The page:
Influence maximization is the problem of finding the set of nodes of a network that maximizes the size of the outbreak of a spreading process occurring on the network. Solutions to this problem are important for strategic decisions in marketing and political campaigns. The typical setting consists in the identification of small sets of initial spreaders in very large networks. This setting makes the optimization problem computationally infeasible for standard greedy optimization algorithms that account simultaneously for information about network topology and spreading dynamics, leaving space only to heuristic methods based on the drastic approximation of relying on the geometry of the network alone. The literature on the subject is plenty of purely topological methods for the identification of influential spreaders in networks. However, it is unclear how far these methods are from being optimal. Here, we perform a systematic test of the performance of a multitude of heuristic methods for the identification of influential spreaders. We quantify the performance of the various methods on a corpus of 100 real-world networks; the corpus consists of networks small enough for the application of greedy optimization so that results from this algorithm are used as the baseline needed for the analysis of the performance of the other methods on the same corpus of networks. We find that relatively simple network metrics, such as adaptive degree or closeness centralities, are able to achieve performances very close to the baseline value, thus providing good support for the use of these metrics in large-scale problem settings. Also, we show that a further 2–5% improvement towards the baseline performance is achievable by hybrid algorithms that combine two or more topological metrics together. This final result is validated on a small collection of large graphs where greedy optimization is not applicable.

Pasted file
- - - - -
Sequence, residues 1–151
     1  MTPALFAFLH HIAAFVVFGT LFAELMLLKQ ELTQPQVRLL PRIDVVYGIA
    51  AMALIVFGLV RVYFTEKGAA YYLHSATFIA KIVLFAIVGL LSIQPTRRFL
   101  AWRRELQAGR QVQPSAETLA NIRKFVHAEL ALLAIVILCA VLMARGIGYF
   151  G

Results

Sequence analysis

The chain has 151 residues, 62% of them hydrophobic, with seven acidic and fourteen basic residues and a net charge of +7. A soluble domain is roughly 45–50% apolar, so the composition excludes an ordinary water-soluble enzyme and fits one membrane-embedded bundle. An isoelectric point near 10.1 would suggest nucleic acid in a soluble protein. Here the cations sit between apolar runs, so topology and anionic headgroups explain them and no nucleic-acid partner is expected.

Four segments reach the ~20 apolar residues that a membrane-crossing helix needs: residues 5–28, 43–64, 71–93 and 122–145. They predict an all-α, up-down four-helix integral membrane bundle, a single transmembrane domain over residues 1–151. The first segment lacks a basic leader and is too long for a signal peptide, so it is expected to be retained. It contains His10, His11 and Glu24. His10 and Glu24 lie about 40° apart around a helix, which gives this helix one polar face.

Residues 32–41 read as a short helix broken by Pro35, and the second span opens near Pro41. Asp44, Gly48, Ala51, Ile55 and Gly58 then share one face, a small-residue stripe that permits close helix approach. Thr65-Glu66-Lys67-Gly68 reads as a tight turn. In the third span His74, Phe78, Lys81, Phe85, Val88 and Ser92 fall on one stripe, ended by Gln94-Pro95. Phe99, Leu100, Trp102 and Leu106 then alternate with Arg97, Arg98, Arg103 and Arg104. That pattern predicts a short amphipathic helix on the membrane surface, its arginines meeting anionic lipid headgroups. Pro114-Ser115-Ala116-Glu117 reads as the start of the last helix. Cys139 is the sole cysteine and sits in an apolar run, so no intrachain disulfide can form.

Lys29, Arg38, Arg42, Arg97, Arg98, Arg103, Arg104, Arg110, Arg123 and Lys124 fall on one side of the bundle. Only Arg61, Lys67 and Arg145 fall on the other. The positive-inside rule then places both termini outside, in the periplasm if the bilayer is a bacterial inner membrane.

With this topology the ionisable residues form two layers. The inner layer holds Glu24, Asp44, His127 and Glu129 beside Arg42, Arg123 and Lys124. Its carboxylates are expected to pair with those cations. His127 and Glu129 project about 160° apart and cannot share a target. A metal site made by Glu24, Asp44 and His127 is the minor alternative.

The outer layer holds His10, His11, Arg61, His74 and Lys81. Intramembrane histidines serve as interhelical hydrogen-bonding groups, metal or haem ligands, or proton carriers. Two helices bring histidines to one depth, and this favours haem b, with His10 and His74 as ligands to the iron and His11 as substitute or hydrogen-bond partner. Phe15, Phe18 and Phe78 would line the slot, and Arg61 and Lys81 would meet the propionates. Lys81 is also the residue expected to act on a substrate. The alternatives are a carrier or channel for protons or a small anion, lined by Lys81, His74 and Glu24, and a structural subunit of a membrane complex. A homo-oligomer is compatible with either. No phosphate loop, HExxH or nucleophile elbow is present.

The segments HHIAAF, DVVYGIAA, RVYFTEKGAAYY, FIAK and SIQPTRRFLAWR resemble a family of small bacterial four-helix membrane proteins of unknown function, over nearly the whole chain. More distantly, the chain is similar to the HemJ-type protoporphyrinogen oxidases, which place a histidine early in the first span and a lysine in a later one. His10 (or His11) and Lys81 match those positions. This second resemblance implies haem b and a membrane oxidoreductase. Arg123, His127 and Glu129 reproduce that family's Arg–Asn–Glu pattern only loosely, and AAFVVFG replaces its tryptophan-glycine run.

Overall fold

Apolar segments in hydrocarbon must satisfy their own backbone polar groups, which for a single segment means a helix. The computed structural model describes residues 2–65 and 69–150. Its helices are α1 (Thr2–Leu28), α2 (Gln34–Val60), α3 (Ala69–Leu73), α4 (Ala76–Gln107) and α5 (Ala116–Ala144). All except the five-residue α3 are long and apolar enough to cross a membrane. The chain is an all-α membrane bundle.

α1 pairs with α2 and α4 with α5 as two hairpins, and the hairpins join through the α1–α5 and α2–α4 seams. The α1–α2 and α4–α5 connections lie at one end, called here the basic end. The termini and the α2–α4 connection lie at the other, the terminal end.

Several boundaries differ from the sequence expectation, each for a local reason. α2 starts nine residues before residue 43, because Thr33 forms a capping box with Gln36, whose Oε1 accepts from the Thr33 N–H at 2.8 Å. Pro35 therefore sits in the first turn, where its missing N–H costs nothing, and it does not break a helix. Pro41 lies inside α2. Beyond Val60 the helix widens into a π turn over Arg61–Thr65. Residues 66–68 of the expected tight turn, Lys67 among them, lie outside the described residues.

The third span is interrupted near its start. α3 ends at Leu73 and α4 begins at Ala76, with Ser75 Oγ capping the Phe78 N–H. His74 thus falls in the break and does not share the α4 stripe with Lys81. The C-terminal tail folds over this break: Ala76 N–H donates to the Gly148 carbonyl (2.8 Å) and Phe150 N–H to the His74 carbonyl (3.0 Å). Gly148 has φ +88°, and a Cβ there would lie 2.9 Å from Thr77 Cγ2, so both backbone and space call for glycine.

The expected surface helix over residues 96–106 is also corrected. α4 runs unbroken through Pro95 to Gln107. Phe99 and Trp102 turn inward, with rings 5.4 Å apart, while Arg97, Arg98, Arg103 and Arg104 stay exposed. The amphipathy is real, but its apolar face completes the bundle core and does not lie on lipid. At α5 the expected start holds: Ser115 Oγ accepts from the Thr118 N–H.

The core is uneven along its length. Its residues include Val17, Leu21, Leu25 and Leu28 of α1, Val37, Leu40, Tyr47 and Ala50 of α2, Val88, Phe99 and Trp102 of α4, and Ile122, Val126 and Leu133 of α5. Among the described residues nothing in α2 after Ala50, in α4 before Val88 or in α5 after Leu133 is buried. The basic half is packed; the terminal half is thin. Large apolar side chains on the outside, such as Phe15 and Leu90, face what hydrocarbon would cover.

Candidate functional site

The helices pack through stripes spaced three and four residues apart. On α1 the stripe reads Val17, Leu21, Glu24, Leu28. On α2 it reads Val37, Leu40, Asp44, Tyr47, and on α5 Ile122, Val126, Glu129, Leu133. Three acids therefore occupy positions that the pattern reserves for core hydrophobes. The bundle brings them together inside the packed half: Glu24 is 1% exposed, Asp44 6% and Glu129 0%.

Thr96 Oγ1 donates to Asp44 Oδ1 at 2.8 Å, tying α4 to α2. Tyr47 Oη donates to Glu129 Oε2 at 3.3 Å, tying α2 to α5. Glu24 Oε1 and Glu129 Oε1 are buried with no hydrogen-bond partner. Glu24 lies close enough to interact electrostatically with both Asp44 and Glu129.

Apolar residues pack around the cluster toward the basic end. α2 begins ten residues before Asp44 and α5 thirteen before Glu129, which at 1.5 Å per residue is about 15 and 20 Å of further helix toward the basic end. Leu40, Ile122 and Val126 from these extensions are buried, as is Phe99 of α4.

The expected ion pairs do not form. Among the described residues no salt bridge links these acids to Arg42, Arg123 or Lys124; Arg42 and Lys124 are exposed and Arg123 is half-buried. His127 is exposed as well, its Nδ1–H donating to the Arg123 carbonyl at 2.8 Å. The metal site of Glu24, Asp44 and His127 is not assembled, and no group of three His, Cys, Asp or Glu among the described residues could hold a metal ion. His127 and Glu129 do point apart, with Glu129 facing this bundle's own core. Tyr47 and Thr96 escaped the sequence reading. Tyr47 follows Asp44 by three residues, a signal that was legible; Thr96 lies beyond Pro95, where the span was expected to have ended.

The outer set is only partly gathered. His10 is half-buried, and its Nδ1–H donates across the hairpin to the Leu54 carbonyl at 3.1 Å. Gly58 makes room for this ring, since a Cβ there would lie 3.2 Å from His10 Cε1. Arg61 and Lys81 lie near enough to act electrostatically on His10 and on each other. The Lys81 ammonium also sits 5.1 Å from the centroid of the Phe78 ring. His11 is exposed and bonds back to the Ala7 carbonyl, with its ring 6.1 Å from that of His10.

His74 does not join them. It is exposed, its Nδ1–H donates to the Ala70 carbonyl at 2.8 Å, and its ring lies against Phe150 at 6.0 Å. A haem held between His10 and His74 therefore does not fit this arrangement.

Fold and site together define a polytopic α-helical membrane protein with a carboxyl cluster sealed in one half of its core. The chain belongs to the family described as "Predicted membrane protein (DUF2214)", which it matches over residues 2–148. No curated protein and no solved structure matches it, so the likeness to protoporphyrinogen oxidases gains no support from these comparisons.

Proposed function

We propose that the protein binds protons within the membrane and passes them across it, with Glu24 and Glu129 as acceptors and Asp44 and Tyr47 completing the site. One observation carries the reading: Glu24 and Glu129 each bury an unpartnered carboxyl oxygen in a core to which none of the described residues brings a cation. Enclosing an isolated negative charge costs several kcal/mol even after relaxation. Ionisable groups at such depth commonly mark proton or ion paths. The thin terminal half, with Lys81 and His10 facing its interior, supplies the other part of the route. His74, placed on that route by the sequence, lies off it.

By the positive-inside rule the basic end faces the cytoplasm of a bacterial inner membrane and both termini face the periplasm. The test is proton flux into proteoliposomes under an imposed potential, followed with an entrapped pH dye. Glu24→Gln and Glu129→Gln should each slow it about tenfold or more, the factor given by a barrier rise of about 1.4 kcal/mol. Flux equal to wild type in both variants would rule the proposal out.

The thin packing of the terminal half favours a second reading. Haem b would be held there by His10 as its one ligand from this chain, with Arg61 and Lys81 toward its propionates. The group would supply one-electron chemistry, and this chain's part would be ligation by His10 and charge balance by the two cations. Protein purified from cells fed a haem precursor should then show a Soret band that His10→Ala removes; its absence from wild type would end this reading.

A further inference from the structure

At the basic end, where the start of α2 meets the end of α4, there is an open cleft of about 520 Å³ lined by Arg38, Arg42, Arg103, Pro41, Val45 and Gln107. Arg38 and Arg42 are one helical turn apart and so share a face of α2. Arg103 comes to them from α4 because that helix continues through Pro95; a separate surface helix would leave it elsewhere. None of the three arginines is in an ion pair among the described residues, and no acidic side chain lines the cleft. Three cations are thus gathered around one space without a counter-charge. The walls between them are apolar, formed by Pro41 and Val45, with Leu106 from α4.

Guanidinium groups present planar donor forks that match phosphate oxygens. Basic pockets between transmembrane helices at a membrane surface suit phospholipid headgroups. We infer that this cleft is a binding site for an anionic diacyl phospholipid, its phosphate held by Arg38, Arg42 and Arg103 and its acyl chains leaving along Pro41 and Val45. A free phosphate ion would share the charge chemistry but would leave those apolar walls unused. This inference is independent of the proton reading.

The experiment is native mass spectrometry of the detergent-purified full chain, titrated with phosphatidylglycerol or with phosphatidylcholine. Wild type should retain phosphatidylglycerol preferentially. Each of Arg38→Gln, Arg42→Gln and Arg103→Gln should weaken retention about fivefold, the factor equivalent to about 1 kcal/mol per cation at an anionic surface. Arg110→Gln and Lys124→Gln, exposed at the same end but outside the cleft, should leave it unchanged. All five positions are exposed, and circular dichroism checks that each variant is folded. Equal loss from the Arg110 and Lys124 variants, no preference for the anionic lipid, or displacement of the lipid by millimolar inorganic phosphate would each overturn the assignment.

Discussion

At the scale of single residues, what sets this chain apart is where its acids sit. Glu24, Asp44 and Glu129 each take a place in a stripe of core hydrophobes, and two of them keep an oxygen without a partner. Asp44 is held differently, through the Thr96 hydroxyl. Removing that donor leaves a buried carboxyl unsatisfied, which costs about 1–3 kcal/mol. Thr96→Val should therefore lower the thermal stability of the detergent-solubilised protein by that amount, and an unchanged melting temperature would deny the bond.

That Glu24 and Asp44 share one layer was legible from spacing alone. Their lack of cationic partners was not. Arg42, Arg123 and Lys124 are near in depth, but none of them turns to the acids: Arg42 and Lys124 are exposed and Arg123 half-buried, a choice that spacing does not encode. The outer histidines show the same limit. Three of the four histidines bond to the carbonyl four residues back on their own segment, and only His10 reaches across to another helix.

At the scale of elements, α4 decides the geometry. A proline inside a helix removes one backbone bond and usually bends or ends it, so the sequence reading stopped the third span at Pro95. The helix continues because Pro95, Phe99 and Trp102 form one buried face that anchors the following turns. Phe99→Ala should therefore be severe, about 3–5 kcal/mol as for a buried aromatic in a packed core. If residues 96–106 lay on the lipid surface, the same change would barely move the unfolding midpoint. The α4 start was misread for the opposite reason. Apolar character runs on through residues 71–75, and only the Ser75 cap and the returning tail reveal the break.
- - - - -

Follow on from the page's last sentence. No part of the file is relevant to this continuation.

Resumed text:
Systematic comparison between methods for the detection of influential spreaders in complex networks
Şirag Erkol, Claudio Castellano & Filippo Radicchi 
Scientific Reports volume 9, Article number: 15095 (2019)

Source: www.nature.com

Braess’s paradox and programmable behaviour in microfluidic networks

Fri, 10/25/2019 - 13:28